I saluted him with my beer. “You’re alright, kid.” I grabbed the carton and nodded at the rolls of lottery tickets to his left. “Since you’re buying, how about a few of those Lucky Leprechauns? Say … three of them?”
“Barry.” Gordon shot his Super-Stare at me as he plucked a twenty from his wallet.
“Fine. How about a Snickers? Can I get one of those?” I grabbed the king-size candy bar before Gordon could say anything, then nodded at Rafi and started for the door. I stopped and turned back. “Hey. I was serious about those pizzas, kid. Tell your old man he needs to get a better selection. Cheesy crust that rises or something.”
We headed out, and as I opened the door of my beat-up Pontiac Aztek, Gordon asked, “So why not use your Super-Speed or something to disarm him?”
I wedged myself behind the steering wheel. “That’s overdone, don’t you think?”
“But you could have missed with that little bottle cap stunt. Rafi could have been shot.”
I started the truck and turned toward him. “I’ve been practicing.”
Gordon shook his head. “That’s not what I mean. You know as well as I do that you’re not perfect—”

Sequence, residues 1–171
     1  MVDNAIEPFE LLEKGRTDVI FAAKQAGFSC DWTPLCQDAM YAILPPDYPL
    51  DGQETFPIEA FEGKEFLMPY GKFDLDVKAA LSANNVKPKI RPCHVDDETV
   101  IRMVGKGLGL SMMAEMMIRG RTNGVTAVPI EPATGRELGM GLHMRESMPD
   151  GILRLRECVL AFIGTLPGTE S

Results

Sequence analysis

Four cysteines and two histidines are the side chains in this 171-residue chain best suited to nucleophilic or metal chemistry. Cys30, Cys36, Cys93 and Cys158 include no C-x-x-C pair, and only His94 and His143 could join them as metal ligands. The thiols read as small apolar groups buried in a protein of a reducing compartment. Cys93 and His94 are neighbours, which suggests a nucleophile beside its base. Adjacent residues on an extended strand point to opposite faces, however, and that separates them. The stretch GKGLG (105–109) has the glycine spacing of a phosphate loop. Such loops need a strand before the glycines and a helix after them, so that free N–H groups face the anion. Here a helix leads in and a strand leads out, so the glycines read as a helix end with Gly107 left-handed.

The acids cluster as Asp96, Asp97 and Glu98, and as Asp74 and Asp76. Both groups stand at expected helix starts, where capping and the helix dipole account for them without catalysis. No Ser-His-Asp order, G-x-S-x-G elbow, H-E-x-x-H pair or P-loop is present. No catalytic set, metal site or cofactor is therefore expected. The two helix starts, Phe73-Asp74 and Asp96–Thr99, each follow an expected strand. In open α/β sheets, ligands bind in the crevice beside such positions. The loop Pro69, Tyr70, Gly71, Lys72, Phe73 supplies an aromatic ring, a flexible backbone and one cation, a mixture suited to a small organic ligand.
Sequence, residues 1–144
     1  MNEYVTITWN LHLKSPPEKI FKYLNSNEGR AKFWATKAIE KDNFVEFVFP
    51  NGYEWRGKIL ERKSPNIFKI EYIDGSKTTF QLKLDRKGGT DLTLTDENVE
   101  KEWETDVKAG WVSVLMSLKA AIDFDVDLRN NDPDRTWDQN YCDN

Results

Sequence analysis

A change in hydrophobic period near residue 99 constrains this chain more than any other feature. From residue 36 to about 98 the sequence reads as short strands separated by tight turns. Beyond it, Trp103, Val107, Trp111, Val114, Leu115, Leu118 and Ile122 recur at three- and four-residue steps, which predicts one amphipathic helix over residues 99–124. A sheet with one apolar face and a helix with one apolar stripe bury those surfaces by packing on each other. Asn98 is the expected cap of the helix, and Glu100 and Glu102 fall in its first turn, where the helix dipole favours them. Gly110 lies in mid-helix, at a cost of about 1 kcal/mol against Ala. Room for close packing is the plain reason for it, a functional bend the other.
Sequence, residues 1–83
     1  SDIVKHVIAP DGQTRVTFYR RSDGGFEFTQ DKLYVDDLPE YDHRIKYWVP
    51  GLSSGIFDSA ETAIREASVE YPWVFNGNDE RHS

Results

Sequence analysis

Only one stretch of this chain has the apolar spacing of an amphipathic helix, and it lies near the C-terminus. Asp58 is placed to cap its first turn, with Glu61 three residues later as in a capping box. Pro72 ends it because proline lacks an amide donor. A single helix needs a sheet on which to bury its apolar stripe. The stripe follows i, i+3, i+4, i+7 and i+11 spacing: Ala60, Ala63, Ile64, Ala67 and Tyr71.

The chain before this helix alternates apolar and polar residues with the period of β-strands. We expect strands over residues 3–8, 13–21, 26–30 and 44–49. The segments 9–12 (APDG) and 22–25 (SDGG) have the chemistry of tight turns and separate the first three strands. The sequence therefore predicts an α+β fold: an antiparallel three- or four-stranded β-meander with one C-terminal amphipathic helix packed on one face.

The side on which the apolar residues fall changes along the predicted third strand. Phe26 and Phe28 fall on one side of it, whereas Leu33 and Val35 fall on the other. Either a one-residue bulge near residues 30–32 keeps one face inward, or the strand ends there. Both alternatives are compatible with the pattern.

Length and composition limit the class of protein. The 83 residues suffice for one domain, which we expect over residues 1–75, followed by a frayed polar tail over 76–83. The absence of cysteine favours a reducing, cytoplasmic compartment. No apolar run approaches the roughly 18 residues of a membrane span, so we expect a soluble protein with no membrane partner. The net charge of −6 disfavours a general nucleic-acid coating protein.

“Gordy.” I tsk-tsked and shifted into reverse. “Gimme some credit, buddy. I scanned his gun before we ever got up front. He had as many bullets in that thing as Barney Fife on a good day.”
I didn’t answer.
Gordon clicked his seatbelt together. “Even so, do you have to be such a show off?”
I shrugged. “I was bored.” A pause. “And besides, I really have been practicing.”
I pulled out of the parking lot toward home as Gordon flicked on the radio. He said, “One of these days, Barry, your boredom is going to get somebody hurt.” He turned his head toward me. “Again.”
I didn’t dignify him with a retort.